What Went Well is a retrospective technique that serves a crucial role in the agile methodology and has become widely used in the agile community. It is one of the best opportunities for both remote and in-office teams to analyze any potential improvements by asking two (seemingly simple) questions: what went well and what didn’t go so well?
One of the most important benefits of this retrospective method is that it helps team members analyze the whole process from the previous sprint. They can also brainstorm ways to improve productivity and boost efficiency. Using ‘What Went Well’ is especially great for new teams, helping them stay focused and set action items to develop new improvements before the next sprint or project iteration.
In order to start a What Went Well retrospective, the facilitator in charge should present how the method works. Then, they should tell the team that the total time limit is 30-60 minutes, depending on the size of the team. Before moving further, make sure everyone understands the technique and that they feel comfortable proceeding.
The next step should not take more than 15 minutes, as you ask all participants to answer the questions “What Went Well?” and “What Didn’t Go Well?”. They should write one idea per sticky note and a record should be kept. At this stage, team members should continue to keep their thoughts private, as it is important for everyone to have their own ideas without being influenced by their peers. Once time is up, all members’ notes are organized by which question was being answered.
The third step should take a maximum of 10 minutes — it’s time for theming. Often, the output notes will be similar in topic or theme. So, during this time, all participants should collaborate to group the notes into appropriate buckets. This is done to save time during the next step and ensure all themes are covered.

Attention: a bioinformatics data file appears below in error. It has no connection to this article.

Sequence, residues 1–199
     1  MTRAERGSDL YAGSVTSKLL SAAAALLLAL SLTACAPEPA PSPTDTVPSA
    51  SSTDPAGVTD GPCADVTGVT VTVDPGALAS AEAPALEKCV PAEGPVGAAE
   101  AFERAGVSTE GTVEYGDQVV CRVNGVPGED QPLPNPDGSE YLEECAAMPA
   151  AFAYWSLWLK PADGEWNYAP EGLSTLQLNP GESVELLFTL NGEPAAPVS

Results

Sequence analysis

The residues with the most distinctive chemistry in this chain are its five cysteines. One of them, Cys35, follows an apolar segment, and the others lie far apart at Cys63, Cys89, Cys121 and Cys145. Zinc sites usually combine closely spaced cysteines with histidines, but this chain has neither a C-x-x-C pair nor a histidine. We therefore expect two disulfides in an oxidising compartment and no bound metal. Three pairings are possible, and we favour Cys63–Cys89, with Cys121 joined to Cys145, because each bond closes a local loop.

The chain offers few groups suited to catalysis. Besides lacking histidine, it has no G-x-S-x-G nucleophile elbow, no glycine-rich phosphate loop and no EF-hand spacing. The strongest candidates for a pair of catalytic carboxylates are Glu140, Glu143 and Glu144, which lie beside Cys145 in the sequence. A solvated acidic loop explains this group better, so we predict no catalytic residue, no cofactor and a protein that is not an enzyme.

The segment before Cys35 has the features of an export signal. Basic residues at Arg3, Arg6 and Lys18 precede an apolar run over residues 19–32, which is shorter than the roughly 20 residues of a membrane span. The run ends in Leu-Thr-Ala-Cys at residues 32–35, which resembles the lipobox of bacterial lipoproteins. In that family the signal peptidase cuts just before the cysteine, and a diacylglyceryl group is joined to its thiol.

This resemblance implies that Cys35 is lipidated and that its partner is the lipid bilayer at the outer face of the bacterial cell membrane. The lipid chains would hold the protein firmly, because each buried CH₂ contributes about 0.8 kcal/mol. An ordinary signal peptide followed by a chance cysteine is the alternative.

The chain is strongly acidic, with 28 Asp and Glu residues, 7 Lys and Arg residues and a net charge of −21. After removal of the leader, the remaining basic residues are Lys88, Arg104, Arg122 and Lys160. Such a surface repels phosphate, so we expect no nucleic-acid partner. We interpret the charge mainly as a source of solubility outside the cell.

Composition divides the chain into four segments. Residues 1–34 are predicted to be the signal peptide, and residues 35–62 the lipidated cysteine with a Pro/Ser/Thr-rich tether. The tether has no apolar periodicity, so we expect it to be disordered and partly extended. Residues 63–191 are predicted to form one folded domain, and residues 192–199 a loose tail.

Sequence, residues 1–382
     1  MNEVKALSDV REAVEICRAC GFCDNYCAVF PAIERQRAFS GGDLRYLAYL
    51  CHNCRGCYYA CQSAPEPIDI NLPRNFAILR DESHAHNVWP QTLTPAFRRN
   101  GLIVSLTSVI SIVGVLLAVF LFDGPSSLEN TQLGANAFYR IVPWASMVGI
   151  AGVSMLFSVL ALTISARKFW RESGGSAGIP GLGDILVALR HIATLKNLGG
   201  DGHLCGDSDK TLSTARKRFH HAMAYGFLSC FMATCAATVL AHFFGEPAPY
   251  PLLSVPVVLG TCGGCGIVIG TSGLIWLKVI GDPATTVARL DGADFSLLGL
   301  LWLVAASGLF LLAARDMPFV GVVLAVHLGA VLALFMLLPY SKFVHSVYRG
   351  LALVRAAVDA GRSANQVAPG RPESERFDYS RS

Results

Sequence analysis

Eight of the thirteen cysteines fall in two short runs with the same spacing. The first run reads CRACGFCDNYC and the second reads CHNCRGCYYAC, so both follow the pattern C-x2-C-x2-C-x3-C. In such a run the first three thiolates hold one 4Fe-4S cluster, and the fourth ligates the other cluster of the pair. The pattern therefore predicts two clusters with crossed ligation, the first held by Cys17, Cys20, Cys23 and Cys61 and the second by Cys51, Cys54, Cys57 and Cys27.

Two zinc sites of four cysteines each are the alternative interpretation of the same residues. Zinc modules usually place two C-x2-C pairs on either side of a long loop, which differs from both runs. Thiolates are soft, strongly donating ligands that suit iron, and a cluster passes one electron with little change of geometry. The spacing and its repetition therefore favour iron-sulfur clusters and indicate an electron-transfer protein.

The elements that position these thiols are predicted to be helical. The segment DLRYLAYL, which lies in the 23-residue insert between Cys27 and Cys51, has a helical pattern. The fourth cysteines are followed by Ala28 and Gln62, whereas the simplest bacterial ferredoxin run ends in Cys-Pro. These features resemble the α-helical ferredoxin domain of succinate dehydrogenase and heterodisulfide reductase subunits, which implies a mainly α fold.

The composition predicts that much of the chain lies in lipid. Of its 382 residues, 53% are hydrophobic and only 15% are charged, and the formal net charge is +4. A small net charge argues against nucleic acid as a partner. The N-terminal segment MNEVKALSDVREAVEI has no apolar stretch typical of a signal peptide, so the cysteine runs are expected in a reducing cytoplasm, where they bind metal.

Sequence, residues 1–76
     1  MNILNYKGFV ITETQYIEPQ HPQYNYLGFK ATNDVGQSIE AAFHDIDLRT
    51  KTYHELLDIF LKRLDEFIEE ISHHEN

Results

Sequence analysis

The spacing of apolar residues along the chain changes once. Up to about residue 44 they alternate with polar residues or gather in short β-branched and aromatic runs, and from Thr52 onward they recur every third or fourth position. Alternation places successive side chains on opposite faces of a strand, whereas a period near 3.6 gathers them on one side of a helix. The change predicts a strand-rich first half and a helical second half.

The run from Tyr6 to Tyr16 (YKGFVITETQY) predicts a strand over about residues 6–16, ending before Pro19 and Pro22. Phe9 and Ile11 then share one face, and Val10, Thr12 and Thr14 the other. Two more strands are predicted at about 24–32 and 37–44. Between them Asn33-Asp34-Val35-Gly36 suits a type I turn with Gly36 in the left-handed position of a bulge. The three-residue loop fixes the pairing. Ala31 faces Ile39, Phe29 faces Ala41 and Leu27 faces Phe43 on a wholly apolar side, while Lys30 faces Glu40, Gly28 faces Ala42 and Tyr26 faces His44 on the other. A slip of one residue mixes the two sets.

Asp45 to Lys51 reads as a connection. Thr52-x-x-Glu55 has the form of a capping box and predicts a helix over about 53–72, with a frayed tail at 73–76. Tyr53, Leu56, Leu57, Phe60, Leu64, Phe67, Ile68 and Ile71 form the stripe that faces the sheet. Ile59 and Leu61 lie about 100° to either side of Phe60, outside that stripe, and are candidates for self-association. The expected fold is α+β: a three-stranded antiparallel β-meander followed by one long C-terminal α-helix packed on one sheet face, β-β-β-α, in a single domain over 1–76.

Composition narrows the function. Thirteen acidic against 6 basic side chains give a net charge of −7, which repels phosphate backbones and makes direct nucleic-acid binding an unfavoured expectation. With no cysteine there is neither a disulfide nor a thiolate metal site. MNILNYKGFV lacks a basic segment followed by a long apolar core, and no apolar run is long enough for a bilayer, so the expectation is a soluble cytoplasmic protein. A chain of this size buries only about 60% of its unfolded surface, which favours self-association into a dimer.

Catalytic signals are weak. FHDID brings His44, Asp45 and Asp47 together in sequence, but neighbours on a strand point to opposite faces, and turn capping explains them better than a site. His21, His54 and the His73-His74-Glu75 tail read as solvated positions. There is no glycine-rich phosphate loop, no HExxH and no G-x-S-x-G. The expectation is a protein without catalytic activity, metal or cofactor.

If the discussion topics are not obvious, the facilitator can opt for a dot-voting session. This way, each participant receives a number of votes they can allocate based on which subject they deem worthy of prioritization.
The next step is to discuss the topics under each question. Depending on team size, anywhere between 20 to 40 minutes should be allocated. If dot-voting wasn’t used, the order of discussion can be chosen by the facilitator. It is important to frame each subject into a timebox so the conversation can move at a faster pace.
During the discussion, all team members need to keep in mind that they have to present the positive side of what went well, but also come up with ways to improve for future sprints. The purpose is not only to learn how to avoid issues next time, but also to do more of what went well!
One of the greatest benefits of this method is that even newcomers can contribute to the discussion. In an agile environment, the team should come back to the What Went Well technique after approximately two weeks to check on their progress.
Part of the What Went Well technique’s beauty is how straightforward it is. That said, there are certain things any team should avoid.
For example, group thinking should not happen at all. The individual’s ideas are much more valuable in this context. This happens rarely, but arguing with your team members should also be avoided! This defeats the purpose of having a fast-paced, open-minded discussion.
So what can you expect from your What Went Well retrospective?
Depending on the project, there can be a multitude of What Went Well examples, such as:
We shipped on time with no bugs reported.
The collaboration was great in our paired coding sessions.
User testing was better developed this sprint.
The team had a good time working together.
All members knew what they had to do — and did it!
On the other hand, here are some What Didn’t Go Well examples: